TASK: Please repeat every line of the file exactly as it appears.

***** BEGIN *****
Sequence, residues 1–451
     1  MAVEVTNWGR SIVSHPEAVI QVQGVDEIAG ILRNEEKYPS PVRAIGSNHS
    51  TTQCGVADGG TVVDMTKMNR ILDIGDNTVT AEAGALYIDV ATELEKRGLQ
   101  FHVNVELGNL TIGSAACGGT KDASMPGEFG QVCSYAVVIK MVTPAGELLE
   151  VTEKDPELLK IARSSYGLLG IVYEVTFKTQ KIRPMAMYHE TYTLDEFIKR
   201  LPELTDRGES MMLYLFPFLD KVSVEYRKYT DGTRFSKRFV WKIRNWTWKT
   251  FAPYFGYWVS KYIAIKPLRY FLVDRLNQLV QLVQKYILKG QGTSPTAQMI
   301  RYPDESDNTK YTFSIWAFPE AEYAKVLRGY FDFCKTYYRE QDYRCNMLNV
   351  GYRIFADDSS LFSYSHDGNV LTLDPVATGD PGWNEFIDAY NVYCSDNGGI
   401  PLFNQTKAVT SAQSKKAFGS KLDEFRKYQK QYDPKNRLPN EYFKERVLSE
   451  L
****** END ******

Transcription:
Sequence, residues 1–451
     1  MAVEVTNWGR SIVSHPEAVI QVQGVDEIAG ILRNEEKYPS PVRAIGSNHS
    51  TTQCGVADGG TVVDMTKMNR ILDIGDNTVT AEAGALYIDV ATELEKRGLQ
   101  FHVNVELGNL TIGSAACGGT KDASMPGEFG QVCSYAVVIK MVTPAGELLE
   151  VTEKDPELLK IARSSYGLLG IVYEVTFKTQ KIRPMAMYHE TYTLDEFIKR
   201  LPELTDRGES MMLYLFPFLD KVSVEYRKYT DGTRFSKRFV WKIRNWTWKT
   251  FAPYFGYWVS KYIAIKPLRY FLVDRLNQLV QLVQKYILKG QGTSPTAQMI
   301  RYPDESDNTK YTFSIWAFPE AEYAKVLRGY FDFCKTYYRE QDYRCNMLNV
   351  GYRIFADDSS LFSYSHDGNV LTLDPVATGD PGWNEFIDAY NVYCSDNGGI
   401  PLFNQTKAVT SAQSKKAFGS KLDEFRKYQK QYDPKNRLPN EYFKERVLSE
   451  L